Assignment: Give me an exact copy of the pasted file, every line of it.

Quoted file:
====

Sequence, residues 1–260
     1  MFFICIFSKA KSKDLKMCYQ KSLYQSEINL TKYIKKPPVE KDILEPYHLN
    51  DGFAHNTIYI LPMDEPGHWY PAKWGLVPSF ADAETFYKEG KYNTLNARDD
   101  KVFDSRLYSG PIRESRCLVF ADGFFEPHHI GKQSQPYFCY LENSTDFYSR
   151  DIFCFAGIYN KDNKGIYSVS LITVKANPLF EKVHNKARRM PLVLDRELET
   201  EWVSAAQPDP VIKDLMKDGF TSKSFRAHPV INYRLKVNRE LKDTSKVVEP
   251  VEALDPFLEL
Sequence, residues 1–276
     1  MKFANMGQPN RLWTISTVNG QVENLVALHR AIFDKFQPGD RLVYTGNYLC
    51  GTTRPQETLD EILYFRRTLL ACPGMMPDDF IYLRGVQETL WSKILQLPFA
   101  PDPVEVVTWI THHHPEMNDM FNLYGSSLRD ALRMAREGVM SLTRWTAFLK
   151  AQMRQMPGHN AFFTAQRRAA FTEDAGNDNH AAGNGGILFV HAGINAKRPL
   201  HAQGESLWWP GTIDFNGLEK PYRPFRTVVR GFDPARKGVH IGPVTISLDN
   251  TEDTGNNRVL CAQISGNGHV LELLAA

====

Sequence, residues 1–260
     1  MFFICIFSKA KSKDLKMCYQ KSLYQSEINL TKYIKKPPVE KDILEPYHLN
    51  DGFAHNTIYI LPMDEPGHWY PAKWGLVPSF ADAETFYKEG KYNTLNARDD
   101  KVFDSRLYSG PIRESRCLVF ADGFFEPHHI GKQSQPYFCY LENSTDFYSR
   151  DIFCFAGIYN KDNKGIYSVS LITVKANPLF EKVHNKARRM PLVLDRELET
   201  EWVSAAQPDP VIKDLMKDGF TSKSFRAHPV INYRLKVNRE LKDTSKVVEP
   251  VEALDPFLEL
Sequence, residues 1–276
     1  MKFANMGQPN RLWTISTVNG QVENLVALHR AIFDKFQPGD RLVYTGNYLC
    51  GTTRPQETLD EILYFRRTLL ACPGMMPDDF IYLRGVQETL WSKILQLPFA
   101  PDPVEVVTWI THHHPEMNDM FNLYGSSLRD ALRMAREGVM SLTRWTAFLK
   151  AQMRQMPGHN AFFTAQRRAA FTEDAGNDNH AAGNGGILFV HAGINAKRPL
   201  HAQGESLWWP GTIDFNGLEK PYRPFRTVVR GFDPARKGVH IGPVTISLDN
   251  TEDTGNNRVL CAQISGNGHV LELLAA